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Shootings spur rush to buy arms in Western Pa.

When the federal ban on what lawmakers called “assault weapons” expired in 2004, so did a critical definition of the term.

The ban applied to specific semi-automatic firearms manufactured after Sept. 13, 1994, when Congress passed and President Bill Clinton signed the law. It affected semi-automatic rifles, pistols and shotguns with a minimum number of specific advanced features, such as pistol grips, bayonet mounts or larger ammunition capacities.

But with no comprehensive definition of “assault weapon” on the books, it remains unclear how any revival of the federal ban might unfold.

“When someone comes in and asks for an assault weapon, I have no idea what they're asking for,” said Keith Savage, manager at Braverman Arms Co. in Wilkinsburg.

New York maintains a separate ban on certain weapons including Uzis and AK-47s under the definition in that state. It also forbids semiautomatic pistols and rifles with a detachable ammunition magazine and two or more military-style features.

Tuesday, Dec. 18, 2012, 12:01 a.m.
 

Concern for personal safety and worry that the Connecticut school shootings would bring a crackdown on gun ownership are pushing Western Pennsylvanians to gun stores, self-defense classes and the sheriff's office for gun permits, security and business leaders said on Monday.

“There are way more people coming out, and it's because of all the speculation,” said Debbie Schultz, owner of Schultz's Sportmen's Stop in Kiski. She said customers worry that Congress might reinstate a ban on military-style rifles that expired in 2004.

Nearly every customer who looked recently at a semiautomatic rifle bought one, Schultz said.

Allegheny County recorded 131 requests on Monday for concealed-carry handgun permits, up from 78 applications on a typical day, Sheriff William Mullen said. Westmoreland County issued 102 permits, busier than a typical weekday but part of a yearlong boom, said Sheriff Jonathan Held.

The July shooting deaths of 12 people in an Aurora, Colo., movie theater also increased handgun applications, Held said.

“After that, we did notice it got a lot busier,” he said.

Political, cultural and seasonal factors have been driving demand, but the shooting deaths on Friday of 27 children and adults in Newtown, Conn., brought renewed urgency during the weekend, retailers said. As talk of a need for stricter gun laws intensified in some circles, others looked for better protection.

“Everybody's worried about what's going to happen,” said Wayne Lykenis, owner of Island Firearms in Neville. “People overreact to things, and that's what they're afraid of.”

Emotions remain raw. Many committed firearms enthusiasts, including gun owners and store managers, declined to speak for publication.

State police, who handle background checks for would-be gun buyers in Pennsylvania, could not say whether they were fielding more requests.

At the Inpax personal-defense company in Allison Park, President Sam Rosenberg said more school officials called about critical-incident training for teachers.

He would not say how many districts expressed interest, though he confirmed they are in the Pittsburgh area. The training prepares teachers to deal with violent intruders until police arrive, Rosenberg said.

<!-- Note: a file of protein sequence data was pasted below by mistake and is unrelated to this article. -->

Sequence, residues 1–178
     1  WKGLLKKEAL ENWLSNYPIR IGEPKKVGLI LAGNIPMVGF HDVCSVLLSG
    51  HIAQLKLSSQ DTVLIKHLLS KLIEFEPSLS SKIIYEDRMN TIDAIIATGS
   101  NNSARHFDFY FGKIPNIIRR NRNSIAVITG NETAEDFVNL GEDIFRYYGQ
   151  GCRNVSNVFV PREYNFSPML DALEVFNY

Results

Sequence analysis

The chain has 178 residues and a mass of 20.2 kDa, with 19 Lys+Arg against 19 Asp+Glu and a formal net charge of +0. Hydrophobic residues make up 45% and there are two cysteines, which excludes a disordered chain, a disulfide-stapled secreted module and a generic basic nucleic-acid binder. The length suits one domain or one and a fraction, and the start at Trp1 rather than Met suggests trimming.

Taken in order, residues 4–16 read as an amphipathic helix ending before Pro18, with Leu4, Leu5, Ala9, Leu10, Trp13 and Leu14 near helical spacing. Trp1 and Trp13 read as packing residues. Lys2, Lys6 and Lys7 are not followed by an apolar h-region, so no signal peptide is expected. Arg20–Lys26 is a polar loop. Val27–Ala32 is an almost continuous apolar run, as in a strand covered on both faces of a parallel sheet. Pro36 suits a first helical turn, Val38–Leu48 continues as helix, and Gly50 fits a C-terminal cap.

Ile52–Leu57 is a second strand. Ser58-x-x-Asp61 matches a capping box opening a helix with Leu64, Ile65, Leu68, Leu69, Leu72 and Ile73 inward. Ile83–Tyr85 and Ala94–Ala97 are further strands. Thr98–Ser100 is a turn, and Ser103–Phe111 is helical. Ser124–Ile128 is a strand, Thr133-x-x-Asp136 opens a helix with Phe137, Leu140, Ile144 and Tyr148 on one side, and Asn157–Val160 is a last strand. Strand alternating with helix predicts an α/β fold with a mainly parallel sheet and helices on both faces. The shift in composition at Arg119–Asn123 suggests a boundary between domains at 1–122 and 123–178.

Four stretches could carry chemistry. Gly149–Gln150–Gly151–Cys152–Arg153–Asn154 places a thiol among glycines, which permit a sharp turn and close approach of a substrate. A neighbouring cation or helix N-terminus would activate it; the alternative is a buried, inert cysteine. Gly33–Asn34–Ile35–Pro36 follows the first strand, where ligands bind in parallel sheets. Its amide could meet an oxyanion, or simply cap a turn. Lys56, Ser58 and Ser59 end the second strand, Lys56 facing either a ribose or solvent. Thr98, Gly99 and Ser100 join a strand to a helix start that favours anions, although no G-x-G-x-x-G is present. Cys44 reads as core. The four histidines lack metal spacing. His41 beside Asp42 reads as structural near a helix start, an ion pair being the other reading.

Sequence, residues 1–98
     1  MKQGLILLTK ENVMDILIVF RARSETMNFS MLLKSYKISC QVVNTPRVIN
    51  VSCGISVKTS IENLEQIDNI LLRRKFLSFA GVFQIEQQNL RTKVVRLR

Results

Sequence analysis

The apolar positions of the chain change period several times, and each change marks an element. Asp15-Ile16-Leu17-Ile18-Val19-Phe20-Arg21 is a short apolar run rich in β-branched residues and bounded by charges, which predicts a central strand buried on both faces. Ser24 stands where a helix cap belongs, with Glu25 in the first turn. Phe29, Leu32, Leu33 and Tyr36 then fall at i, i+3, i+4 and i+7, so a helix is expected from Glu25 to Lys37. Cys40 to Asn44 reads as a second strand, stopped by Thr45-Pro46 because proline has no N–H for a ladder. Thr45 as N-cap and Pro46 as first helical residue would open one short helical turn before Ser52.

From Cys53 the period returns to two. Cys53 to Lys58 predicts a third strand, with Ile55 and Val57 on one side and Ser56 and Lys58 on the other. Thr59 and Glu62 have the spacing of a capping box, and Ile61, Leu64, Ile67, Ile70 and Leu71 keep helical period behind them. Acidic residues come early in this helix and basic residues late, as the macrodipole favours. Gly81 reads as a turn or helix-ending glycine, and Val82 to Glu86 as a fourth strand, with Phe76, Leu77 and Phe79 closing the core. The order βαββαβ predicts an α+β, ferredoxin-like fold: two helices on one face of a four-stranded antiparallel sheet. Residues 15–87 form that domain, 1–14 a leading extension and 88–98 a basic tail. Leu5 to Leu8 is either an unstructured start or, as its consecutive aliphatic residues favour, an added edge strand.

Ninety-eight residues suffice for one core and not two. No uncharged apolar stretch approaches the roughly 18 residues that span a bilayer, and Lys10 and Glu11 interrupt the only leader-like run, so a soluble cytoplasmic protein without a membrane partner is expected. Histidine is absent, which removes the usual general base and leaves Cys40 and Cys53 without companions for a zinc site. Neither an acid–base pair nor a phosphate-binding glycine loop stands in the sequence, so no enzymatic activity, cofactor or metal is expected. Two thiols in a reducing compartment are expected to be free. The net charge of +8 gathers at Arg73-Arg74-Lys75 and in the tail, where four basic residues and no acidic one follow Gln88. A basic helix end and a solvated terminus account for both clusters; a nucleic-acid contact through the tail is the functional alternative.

“It sort of fills a void between an intruder alert, when there's an indication of a problem, and law enforcement's response,” he said. “If any possible bright spots could come out of the Connecticut massacre, I think school districts are going to take security issues and security measures seriously.

“Some have been very good in the past about wanting to be proactive, and others have been very myopic, kind of short-sighted in their mentality.”

Several Western Pennsylvania school districts, including South Butler and Butler Area, began arming guards.

Another school district, Chartiers Valley, decided to begin preparations to have school resource officers at all of its schools. Superintendent Brian White reviewed school safety measures and plans with Collier police Chief Tom Devine and Scott police Chief Jim Secreet before making a formal request to the two townships to establish the program.

A few people asked Inpax about training in personal protection, Rosenberg said.

Ted Wilkes, 50, of Hampton underwent such training with his son Cronin, 14, for a year.

“At the end of the day, your personal security is your responsibility,” said Wilkes, whose classes included firearms lessons and human interaction in crises. He said an increase in violence in the United States and abroad prompted him to enroll.

At Braverman Arms Co. in Wilkinsburg, manager Keith Savage said he noticed no sales increase but some conversation about the Connecticut attacks. A feared crackdown on high-powered weaponry “is, I think, in the back of everyone's mind.”

Savage said he doesn't know how more regulation would prevent such violence, but said: “Our thoughts and prayers are with the town in Connecticut.”

At South Side-based Firearms Instruction, Research and Education Institute, Executive Director Peter Georgiades said it's “really too soon to tell” whether more people will seek gun training. Outrage is a common reaction he has heard since Friday.

“Running out and passing laws is impotent. You cluck like a chicken and run around waving your hands over your head — it doesn't do any good,” Georgiades said. “To address this thing, we should be talking to psychologists, not legislators or lawyers.”

Staff writer R.A. Monti contributed to this report.

 

 

 
 


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